The unit's been so good, in fact, that Football Outsiders' advanced metrics ranks them ahead of the Steelers' defense. Through Week 15, Seattle is the NFL's ninth-best defense (ninth vs. the pass, 10th vs. the run), Pittsburgh is 10th (sixth vs. the pass, 13th vs. the run).

The Steelers' D has been more consistent over the course of the season, which makes sense given the Seahawks' slow start. Still, it's a startling revelation; we just assumed Harbaugh was laying it on thick in an effort to butter up the next opponent. Intended or otherwise, it turns out he was onto something. Maybe Pete Carroll really does have a plan

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Posted on: December 21, 2011 9:46 am
Edited on: December 21, 2011 2:20 pm
 

Steelers loss 'changed the mood' of the Ravens

By Will Brinson

Week 15 was an up-and-down experience for the Ravens (and the Harbaugh family0: they rolled into San Diego and got whupped, handing the Steelers a chance at taking over the AFC North. Pittsburgh blew their shot, thanks to a big game out of the 49ers, and now the Ravens are back to controlling their own destiny.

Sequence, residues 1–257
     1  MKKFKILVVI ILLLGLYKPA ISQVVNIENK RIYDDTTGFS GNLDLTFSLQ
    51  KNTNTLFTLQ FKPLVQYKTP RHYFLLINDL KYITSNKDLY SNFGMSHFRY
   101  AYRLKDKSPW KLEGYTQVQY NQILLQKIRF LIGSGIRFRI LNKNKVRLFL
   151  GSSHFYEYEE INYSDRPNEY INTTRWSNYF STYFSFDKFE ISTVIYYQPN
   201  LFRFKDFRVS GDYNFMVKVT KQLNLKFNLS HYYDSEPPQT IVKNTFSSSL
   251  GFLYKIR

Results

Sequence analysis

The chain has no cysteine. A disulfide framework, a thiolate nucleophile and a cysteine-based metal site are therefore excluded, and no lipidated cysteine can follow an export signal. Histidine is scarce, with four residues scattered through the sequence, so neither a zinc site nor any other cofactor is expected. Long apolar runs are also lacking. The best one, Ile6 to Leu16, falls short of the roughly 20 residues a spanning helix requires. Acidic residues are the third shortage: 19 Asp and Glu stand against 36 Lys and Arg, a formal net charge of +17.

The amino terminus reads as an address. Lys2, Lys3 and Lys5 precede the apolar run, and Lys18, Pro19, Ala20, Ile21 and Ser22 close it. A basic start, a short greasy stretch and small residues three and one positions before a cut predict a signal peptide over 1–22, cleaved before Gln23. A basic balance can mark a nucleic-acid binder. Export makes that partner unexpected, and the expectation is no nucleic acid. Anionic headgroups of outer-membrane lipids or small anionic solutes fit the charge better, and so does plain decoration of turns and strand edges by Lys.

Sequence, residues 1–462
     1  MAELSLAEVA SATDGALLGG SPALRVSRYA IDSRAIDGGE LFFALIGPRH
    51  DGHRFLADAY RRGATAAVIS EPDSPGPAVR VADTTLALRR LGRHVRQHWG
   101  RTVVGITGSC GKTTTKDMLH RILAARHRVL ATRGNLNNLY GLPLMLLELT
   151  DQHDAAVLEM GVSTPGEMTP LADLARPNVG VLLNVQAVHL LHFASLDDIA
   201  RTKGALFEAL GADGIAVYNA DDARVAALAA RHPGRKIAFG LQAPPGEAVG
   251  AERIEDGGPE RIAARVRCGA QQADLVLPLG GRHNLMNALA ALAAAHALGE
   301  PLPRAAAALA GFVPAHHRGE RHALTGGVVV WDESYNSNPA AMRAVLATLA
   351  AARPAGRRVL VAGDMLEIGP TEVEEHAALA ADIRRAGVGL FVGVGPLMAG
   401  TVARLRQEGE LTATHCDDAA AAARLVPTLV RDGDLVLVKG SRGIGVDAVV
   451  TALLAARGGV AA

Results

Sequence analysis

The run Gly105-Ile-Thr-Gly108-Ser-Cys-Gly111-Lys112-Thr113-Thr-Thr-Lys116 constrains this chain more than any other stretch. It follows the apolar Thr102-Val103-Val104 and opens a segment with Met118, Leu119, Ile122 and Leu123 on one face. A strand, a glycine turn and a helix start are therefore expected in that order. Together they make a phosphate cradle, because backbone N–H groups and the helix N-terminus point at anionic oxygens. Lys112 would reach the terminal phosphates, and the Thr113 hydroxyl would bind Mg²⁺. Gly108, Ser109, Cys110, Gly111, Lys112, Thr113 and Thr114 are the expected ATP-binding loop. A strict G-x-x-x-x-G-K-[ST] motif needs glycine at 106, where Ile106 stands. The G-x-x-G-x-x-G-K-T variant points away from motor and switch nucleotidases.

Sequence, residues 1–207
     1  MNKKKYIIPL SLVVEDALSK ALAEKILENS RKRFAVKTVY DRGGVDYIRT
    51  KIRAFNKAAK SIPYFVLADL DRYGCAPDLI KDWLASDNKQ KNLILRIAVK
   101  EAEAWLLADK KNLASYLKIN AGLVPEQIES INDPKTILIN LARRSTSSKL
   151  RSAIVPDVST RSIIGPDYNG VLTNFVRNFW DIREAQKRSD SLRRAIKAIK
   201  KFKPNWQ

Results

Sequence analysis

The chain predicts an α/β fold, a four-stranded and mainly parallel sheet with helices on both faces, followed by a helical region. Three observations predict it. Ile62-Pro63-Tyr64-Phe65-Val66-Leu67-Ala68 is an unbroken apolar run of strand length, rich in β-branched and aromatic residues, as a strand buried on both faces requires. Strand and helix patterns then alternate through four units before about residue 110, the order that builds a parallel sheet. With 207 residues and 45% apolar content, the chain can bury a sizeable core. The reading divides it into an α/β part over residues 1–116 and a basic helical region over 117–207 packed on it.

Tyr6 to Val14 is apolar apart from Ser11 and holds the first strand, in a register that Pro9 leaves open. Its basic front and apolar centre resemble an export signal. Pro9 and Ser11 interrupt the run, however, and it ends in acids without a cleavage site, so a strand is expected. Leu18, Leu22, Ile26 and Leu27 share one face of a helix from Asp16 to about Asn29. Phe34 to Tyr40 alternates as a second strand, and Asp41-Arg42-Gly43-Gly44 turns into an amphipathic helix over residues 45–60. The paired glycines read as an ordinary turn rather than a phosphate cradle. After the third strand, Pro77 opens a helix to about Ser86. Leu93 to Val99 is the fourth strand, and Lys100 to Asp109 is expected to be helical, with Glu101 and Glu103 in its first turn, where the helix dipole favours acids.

The prospect has them, according to Ravens running back Ray Rice, in a totally different mood.

"It changed the mood of the team today," Rice said about the Steelers loss Monday per the Baltimore Sun. "Coming in here, guys are happy. I'm not saying we're never a happy bunch. We know how to take a loss on the chin [and] we want to get better from that film, but we don't have to look at it as critical as we would have had to, [or] put as much time into San Diego anymore. We know you got to get onto Cleveland, but at the same time, we still control it. We don't have to take our show on the road if we take care of business."

Now, it's pretty obvious that "the mood in Baltimore after a Steelers loss" >>>>> "the mood in Baltimore after a Steelers win." You don't have to be a math major and/or a genius to figure that out.

What concerns me here is the way Rice is framing the Ravens attitude as a team. One, it sounds like they knew they were dead men walking if they needed to go on the road during the playoffs and they were basically expecting the Steelers to win on Monday. It's one thing to be mad about a loss; it's an entirely different thing to dwell on it like that, particularly if you've got another game in just a few days.